When I was eleven, so was my bike. No, my bike was not eleven years old, but I was. My bike was probably only one-year-old but it was number eleven. It was number eleven because I put a sticker on each side of the crossbar that said so. Back then I loved stickers. Have you ever seen those cars that have so many stickers on the rear-glass that you can hardly see inside? No, that is not how my car looks, but if I had owned a car when I was eleven, it might have. I loved cars back then, but I didn’t own one. I dreamed of owning one, but I had to settle for model cars and a bicycle. Most model cars came with a sheet of decals and stickers. Sometimes I stuck them on my models, and sometimes I stuck them on my bike. One time I stuck one on the family car. Dad didn’t have the same affection or appreciation for stickers that I did. He and I reached an understanding which may be why my rear car-glass today is not covered with stickers.

Paul, my friend’s younger brother, and his dad reached an understanding about stickers too. I think I liked mine and Dad’s discussion better than Paul liked the one he had with his dad. While most of my stickers came from model car kits, occasionally I visited our local NAPA parts-store for some “real” stickers. Another friend’s dad owned that store and would give us stickers. He had cool ones like “Hooker-Headers,” “Holley Carbs,” “Edelbrock,” and my favorite “Thrush Mufflers,” with the red-headed woodpecker. The parts store also had all sizes of those oval-shaped STP stickers. They were red with white letters outlined in blue. That may be where Richard Petty got his STP stickers for his number 43 race cars. I know that’s where Paul got his STP sticker for his dad’s car. That thing must have been three feet long. It covered the entire driver’s side door. Unfortunately, or perhaps fortunately, Paul only had one, so he couldn’t put a matching sticker on his mom’s side. Do you realize how hard those things are to get off without peeling off the paint? Mr. Petty would have been proud, but Paul’s dad was not. He called a board meeting with Paul.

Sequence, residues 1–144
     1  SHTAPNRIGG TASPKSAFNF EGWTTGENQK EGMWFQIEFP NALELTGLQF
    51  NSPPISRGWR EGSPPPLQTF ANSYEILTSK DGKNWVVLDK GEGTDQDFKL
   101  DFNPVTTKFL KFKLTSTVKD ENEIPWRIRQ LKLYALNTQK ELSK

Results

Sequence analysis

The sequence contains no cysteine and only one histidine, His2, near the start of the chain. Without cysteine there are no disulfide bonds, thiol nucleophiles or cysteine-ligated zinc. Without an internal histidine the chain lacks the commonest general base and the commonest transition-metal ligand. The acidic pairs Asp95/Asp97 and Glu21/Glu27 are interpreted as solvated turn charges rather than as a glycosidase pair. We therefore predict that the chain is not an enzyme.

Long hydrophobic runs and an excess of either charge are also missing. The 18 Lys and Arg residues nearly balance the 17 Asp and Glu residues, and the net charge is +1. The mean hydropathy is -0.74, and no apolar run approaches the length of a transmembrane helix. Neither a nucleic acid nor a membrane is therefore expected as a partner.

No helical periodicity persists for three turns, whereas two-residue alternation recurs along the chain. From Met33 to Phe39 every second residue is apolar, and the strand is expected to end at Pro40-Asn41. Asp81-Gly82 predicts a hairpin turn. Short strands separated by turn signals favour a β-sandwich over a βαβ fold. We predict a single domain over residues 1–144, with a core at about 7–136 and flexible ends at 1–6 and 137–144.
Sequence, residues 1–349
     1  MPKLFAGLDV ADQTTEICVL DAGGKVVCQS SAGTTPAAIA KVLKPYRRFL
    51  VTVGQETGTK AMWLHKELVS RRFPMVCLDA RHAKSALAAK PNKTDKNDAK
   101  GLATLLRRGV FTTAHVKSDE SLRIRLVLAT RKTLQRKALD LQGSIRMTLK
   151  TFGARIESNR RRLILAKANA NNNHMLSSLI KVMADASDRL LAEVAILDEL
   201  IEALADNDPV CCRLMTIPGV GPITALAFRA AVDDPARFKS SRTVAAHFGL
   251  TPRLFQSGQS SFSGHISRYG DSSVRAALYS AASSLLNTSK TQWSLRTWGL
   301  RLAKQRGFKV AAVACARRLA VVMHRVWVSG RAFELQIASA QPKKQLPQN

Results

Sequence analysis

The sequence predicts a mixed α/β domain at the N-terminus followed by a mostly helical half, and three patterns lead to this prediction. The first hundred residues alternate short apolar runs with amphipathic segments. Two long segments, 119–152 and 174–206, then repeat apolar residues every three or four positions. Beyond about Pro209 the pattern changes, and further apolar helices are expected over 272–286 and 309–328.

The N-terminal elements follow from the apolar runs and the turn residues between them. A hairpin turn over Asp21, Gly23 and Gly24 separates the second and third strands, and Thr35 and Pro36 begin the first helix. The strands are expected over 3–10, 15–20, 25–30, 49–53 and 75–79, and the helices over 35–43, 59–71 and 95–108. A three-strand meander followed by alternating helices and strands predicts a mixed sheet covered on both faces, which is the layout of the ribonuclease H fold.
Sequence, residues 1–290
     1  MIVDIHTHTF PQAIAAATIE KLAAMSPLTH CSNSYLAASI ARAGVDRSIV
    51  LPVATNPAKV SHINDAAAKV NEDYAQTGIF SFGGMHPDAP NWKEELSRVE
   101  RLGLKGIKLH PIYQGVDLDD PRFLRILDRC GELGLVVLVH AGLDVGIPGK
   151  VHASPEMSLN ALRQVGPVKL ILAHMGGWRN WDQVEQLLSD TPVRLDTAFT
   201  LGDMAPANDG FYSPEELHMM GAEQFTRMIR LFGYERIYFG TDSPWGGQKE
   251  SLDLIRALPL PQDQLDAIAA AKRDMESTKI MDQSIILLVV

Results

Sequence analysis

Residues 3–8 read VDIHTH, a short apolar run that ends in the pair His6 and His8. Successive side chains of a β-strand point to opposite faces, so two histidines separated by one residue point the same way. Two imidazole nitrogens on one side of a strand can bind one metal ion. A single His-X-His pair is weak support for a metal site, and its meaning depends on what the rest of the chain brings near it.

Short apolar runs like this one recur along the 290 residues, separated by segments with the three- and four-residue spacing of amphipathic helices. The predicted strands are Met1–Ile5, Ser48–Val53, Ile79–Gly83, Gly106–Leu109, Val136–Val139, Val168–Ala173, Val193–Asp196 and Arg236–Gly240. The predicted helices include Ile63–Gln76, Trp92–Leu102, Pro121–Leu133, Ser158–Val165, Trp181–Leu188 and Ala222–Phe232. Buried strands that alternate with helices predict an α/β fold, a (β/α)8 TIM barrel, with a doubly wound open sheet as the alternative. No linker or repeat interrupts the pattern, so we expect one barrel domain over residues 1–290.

The stickers on our vehicles tell others quite a bit about us. Some put stick figures on the glass to tell how many family members they have. Some even include their pets. Some stickers tell others what states or sites we’ve visited. There are the ever popular sport’s team stickers. In Alabama most of these are crimson and white, or orange and blue. Some stickers inform others who we voted for, or did not vote for. Some are used to boast about our child being an honor student. My vehicle has three stickers on it. One is on the paint and was put there by the dealership. Two are on the rear glass. One says, “I love fourth days,” which is a reference to Emmaus Walks. The other one says AAA, whom I will call if I have a flat tire or a dead battery. I guess I need that one to help me remember who to call. That and the fact that I didn’t have a Thrush Woodpecker sticker! I heard about one guy who had a sticker that said, “Honk, if you love Jesus.” One day, when someone followed his instructions by honking, he obviously had forgotten that his sticker had told him to do so. Our stickers indeed do tell others what is important to us. If our actions don’t match, we might need to take them off, or watch ourselves more carefully.

— Bill King is a native of Rainsville, where he and his wife graduated from Plainview High School. King is a director of missions in Opelika, a writer, musician and author. His column appears in the Times-Journal weekend edition. Visit brobillybob.com for more information.

(0) comments

Welcome to the discussion.

Keep it Clean. Please avoid obscene, vulgar, lewd, racist or sexually-oriented language.
Don't Threaten. Threats of harming another person will not be tolerated.
Be Truthful. Don't knowingly lie about anyone or anything.
Be Nice. No racism, sexism or any sort of -ism that is degrading to another person.
Be Proactive. Use the 'Report' link on each comment to let us know of abusive posts.
Share with Us. We'd love to hear eyewitness accounts, the history behind an article.